Jenny Dorsey

Jenny Dorsey

—Activist, Chef, and Entrepeneur

Jenny is a professional chef, author and activist. Specializing in multi-platform storytelling, she fuses food with social good! She’s competed in the Food Network show Chopped, ran for Forbes 30 under 30, and can be found on the TED stage. As the founder of a nonprofit events company, Studio ATAO, she runs her own culinary consulting business where she uses food as the spark to ignite dialogue about Asian-American Issues.

Before we begin, here is Jenny’s instagram and website. Check her out and follow!


Tell us a little bit about yourself. What is it that you do? Or share with us one of your greatest achievements.

Hi! I’m Jenny. I’m a professional chef, author and speaker who focuses on the relationships between food, identity and vulnerability. I’m the founder of a nonprofit community think tank, Studio ATAO, and also run my own culinary consulting business.

I’m a career changer into food -- out of College, I started out as a management consultant at Accenture and went to Columbia Business School for my MBA, before pivoting to culinary school. Since then I’ve worked a lot of different jobs in food: from cooking in restaurants in NYC & SF to being the neighborhood barista, a juice salesperson and corporate food & beverage associate. I’m really appreciative of how much I’ve learned from these experiences and encourage everyone to explore as much as possible, and not feel limited to any one career trajectory!

Nowadays, I split my time running the Studio and while still doing some consulting and writing on the side. My food writing can be found on outlets like Washington Post, Eater, VICE, Serious Eats, and Narratively. I’ve also written several books, most recently The Infrared Grill Master (Ulysses Press 2020), Healthy Cocktails (Skyhorse Publishing 2019), and the forthcoming Avatar the Last Airbender Official Cookbook (Insight Editions 2021). In my free time, I make ceramics via my Wednesday Ceramics line and hang out with two dogs and one husband.

What was your first encounter with Traditional Chinese Medicine (TCM) or the medicinal foods of your culture?

I would eat TCM foods growing up - I'm a 1st gen Chinese-American, so TCM was integrated naturally into what we would eat. For example, sweet soups with goji or wolfberries, or I’d get watermelon rind power (Gui Lin Xi Gua Shuang Herbal Extract) sprayed into my mouth to clear up canker sores.



Jenny’s Wednesday Ceramics



Watermelon Frost Extract Spray: 

Gui Lin Xi Gua Shuang Herbal Extract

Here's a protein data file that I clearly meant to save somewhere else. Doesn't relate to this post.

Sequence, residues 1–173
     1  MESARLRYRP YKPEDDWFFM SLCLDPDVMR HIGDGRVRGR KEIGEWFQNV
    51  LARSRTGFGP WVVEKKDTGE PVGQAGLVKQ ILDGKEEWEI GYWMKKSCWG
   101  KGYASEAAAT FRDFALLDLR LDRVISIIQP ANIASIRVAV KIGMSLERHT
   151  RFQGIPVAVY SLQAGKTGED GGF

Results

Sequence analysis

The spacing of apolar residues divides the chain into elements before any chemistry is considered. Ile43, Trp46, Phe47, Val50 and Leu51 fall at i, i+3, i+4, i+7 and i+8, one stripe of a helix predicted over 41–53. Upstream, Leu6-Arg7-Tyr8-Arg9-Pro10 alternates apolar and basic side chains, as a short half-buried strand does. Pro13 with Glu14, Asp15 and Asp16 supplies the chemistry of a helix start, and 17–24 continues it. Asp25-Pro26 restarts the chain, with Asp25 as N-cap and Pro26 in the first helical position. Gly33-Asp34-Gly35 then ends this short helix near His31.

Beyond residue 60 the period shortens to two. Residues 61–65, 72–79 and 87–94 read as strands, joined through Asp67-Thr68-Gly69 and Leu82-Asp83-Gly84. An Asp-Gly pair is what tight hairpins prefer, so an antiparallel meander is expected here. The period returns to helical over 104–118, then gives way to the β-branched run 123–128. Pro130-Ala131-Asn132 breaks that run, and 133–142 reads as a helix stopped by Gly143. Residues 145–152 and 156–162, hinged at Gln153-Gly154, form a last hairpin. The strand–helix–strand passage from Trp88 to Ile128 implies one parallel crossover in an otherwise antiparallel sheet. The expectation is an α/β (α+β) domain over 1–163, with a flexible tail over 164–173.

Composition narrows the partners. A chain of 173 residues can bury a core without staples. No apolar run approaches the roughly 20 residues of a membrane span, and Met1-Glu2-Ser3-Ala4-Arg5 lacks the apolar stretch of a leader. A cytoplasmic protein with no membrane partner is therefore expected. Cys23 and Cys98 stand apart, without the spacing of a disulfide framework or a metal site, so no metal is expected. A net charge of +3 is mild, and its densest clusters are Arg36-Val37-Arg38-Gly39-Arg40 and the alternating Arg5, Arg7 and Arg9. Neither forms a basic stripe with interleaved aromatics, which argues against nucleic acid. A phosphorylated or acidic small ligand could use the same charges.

What are your must-haves in your kitchen (tools, ingredients, books, etc.)?

Tools - microplane (for grating garlic), a good knife (I use Misono), a good cutting board (I use Boos), and a bench scraper to make cutting and scraping things easier. Books I love: The Noma Book of Fermentation, as well as Mastering Pasta by Marc Vetri.  

What's your opinion of the adage "food is medicine?" What is a food-based item that you take/consume for wellness?
Food absolutely is medicine - it affects how our bodies react with the outside world, it changes our mental well-being, it also shapes our relationship with other people. It is preventative care! Even basic things like drinking enough water is an important part of being healthy and taking care of our bodies. I'm not super innovative in saying this, but something I've done ever since I was young is to drink hot ginger tea when I have a cold, or make myself chicken soup when I'm sick. 

Could you share one or two health-conscious recipes with us, in which you used ingredients inspired by traditional medicine or nature?

Natural Shapes is a simple recipe, but one of my favorite things I’ve made! 

I had fallen into a pattern of forcing food to bend to my will — pulverizing springy greens into purées for smooth lines, shaving down cuts of meat until perfectly angular, hole punching out circles from leaves and root vegetables. 

For this dish, I decided to put that approach aside and retain natural organic edges and veiny pieces of the ingredient. I felt distinctly more invested in keeping its original flavor intact too. I focused on compressing and sharpening what I already loved in the raw materials, instead of my usual modifying and reshaping. Chasing that clarity is honestly not a strength of mine, so this recipe had me in a head-clearing exercise as much as a technical one. It felt good to take a breath at what would’ve once been a halfway point, let go and say, “that’s enough.” Maybe that’s the acceptance I needed to hear for my own self, too.

This dish is Raw spot prawn dressed in lacto-tomato water and Indonesian salt; paired with enoki mushrooms that had been dehydrated overnight, then re-hydrated in a spot prawn and roast duck broth, then pan-fried in shallot oil to golden brown; plus a few flecks of garlic scape and watercress (hidden below).

One of my foundational recipes is my Silkie Chicken Soup. I fall back on this whenever I need comfort or care, when I’m sick. I made this back when I first moved to New York and saw photos of college friends gathered for a group reunion. It was then I realized I was solidly out of their lives, and needed the soothing warmth from my Herbal Silkie Soup.




“Natural Shapes”



Silkie Chicken Herbal Soup  




Herbs used in Recipe: shan yao (Chinese yam), goji, jujube date, dried lily bulb


Which body constitution do you have and how will your daily ritual change after finding out?

Type C: Constitution of Yang Deficiency! Looks like I should be making lamb soup this winter to keep me warm, and that’s SUPER exciting to me!

Find out your body constitution here

Written by Five Seasons TCM

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